Early on, vets were floored by the drug's effects. "The results in some cases
have been pretty darn close to miraculous," says David Whitten of the Hilldale
Veterinary Hospital in Southfield, Mich. "I'm using this drug on my own dog.
It has been effective but as with all medications, side effects are certainly a problem."
The First Complaints
Indeed, within months of the launch, vets at Colorado State University in Fort
Collins noticed troubling reactions. Labrador retrievers seemed particularly
affected. Since the safety studies for Rimadyl had emphasized testing on young
beagles, Pfizer went back to conduct another, small test just on Labs; it says
that test showed no particular problem. Bill Keller, an FDA veterinary-medicine
official, notes that "any time you take a product from the investigation and put
it into actual practice, you're going to see things you didn't expect." But
reports about Rimadyl came in by the hundreds. The FDA had received just over
3,000 animal-drug bad-reaction reports in 1996, the year before Rimadyl's
launch; in 1998, the drug's first full year, Rimadyl alone produced more than
that many. They swamped the FDA's tiny Center for Veterinary Medicine in
Rockville, Md. Pfizer was scrambling as well. "Basically, their response," says
Dr. Keller, "was 'Tell us what you want us to do. We love the fact that it's
selling so well, but we don't know what to do with all these adverse reactions."
The FDA and Pfizer discussed a "Dear Doctor" letter to be sent to vets. FDA
records show the agency found parts of an early Pfizer draft "unacceptable as
they are promotional in tone... ." It was revised. The records also show Pfizer
disagreed with the FDA's suggestion that the letter cite "death" as a possible
side effect. To get the letter out, the FDA told Pfizer it was "agreeing to
your exclusion of the 'death' syndrome from the letter at this time. However,
we will revisit the 'death' syndrome issue and other potential side effects for
possible inclusion in labeling at a later date." So the term didn't appear in
the first warning Pfizer sent, in mid-1997.
Meanwhile, dog owners were asking for Rimadyl. "It was their advertising that
sold me on the drug," says Michelle Walsh, a Phoenix woman who says her
miniature schnauzer was given it and later died. Not that vets needed much
convincing. They saw clear benefits from the drug. On top of that, they could
get points from Pfizer for each Rimadyl purchase they made; points were
redeemable for PaImPilots, Zip drives for PCs and other equipment.
Although Pfizer's letter told vets to explain to owners the signs of a bad
reaction to Rimadyl, such as vomiting, lethargy or diarrhea, it is evident that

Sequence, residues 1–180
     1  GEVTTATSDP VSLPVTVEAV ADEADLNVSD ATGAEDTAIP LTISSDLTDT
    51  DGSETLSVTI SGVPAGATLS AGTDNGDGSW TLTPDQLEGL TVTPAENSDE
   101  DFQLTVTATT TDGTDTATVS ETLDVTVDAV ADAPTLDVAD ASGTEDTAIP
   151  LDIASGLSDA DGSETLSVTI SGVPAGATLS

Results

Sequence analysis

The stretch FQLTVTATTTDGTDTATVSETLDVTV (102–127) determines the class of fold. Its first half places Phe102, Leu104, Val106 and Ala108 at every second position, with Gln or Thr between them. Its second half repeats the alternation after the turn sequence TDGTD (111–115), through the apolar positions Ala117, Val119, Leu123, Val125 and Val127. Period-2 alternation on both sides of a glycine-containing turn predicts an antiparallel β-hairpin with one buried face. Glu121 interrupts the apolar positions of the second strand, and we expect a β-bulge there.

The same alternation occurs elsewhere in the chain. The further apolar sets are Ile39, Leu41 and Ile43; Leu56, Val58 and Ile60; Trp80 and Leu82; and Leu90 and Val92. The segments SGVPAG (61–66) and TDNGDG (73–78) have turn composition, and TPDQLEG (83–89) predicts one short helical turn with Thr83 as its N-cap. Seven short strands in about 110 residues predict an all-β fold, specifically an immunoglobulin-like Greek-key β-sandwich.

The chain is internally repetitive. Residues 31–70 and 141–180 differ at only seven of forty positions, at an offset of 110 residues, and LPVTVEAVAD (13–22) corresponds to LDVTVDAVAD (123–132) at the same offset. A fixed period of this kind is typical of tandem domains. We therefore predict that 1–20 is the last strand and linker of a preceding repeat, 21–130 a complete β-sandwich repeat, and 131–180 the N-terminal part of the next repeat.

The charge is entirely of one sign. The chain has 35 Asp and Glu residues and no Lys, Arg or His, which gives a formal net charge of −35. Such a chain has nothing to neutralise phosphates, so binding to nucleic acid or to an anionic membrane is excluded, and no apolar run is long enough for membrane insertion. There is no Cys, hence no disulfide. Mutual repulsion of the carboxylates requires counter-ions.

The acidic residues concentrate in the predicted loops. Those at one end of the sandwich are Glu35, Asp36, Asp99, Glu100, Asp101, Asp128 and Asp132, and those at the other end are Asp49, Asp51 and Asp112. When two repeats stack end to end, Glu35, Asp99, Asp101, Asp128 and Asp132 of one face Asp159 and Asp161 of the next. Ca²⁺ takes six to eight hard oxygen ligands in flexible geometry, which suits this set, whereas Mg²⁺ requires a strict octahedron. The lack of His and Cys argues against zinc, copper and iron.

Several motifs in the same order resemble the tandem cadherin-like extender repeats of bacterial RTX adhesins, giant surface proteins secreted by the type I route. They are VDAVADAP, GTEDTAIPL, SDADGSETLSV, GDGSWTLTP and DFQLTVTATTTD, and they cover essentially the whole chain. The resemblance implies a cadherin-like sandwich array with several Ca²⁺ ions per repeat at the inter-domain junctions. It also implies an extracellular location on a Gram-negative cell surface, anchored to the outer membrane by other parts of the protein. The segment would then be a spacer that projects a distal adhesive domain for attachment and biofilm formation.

a great many didn't. The FDA's Dr. Keller says, "There are a lot of
veterinarians who don't think they need to take the time, or who forget, or for
whatever reason are not providing animal owners with this information."
Donna Allen, whose chow-mix, Maggie, started on Rimadyl last summer, says,
"All my vet did was give me this little bag of pills, with no information."
She says Maggie "didn't want to take it, but I made her." After four weeks,
Maggie began to vomit violently, Ms. Allen says. The dog vanished from their
home outside Birmingham, Ala., and later was found lying in a ditch. Ms. Allen
loaded her into a truck and sped 35 miles to a veterinary clinic, but the
five-year-old dog died. Her vet wouldn't implicate Rimadyl in the death until
Ms. Allen urged him to send the dog's internal organs to the University of
Illinois vet school, where an examination showed liver toxicity. Maggie was
buried under a marker adorned with the figure of an angel. And Ms. Allen took
to the streets, delivering a letter to all the vets in the area urging them to
"understand that Rimadyl helps certain dogs, but it is poison to other dogs."
The "D" Word
As the complaints poured in, the FDA told Pfizer it would have to revisit the
label issue. Pfizer had referred to "fatal outcomes" on the label as a possible
effect of the drug class to which
belonged, but not
specifically of this
drug. Now the agency asked that Pfizer cite "death" prominently as a possible
side effect of the drug. Describing the back and forth with Pfizer, the FDA's
Dr. Keller says, "They did it. They weren't enthusiastic about it, but they
have always been cooperative. And that's part of the nature of the game we play
with industry." But the FDA also wanted the word "death" in the audio of
commercials. Pfizer indicated this "would be devastating to the product," FDA
minutes of a February 1999 meeting show. A company spokesman says that "putting
'death' on a 30-second commercial and in proper context was something we didn't
think was possible." Rather than do so, it eventually pulled the commercials.
Pfizer says it now will do traditional marketing to vets, making sure they
know the proper way to use the drug. Another "Dear Doctor" letter will soon go
out, and the company will start attaching a safety sheet to pill packages.
Pfizer acknowledges it has a perception problem with some dog owners; a
consumer group, for instance, has mounted a campaign dubbed BARKS, for Be Aware
of Rimadyl's Known Side-effects. The company is contacting dog owners who have
told their stories on the Internet, and it is offering to pay medical and
diagnostic expenses for some dogs who may have been harmed by Rimadyl.
But Pfizer stands firmly behind the value of the drug, of which it says sales
have continued to grow. Most vets also remain strongly behind Rimadyl. Owners,
too, generally say they think the drug is important -- they just want to know
the risks. Atlantan Roger Williams gave his mixed-breed terrier, William,
Rimadyl for more than a year and believes it contributed to the dog's death.
"But if I had to do it all over, I would give my dog Rimadyl again," he says.
"The difference is I would have known what to expect. Without Rimadyl, William
was miserable. And what's the point of living another three years if you're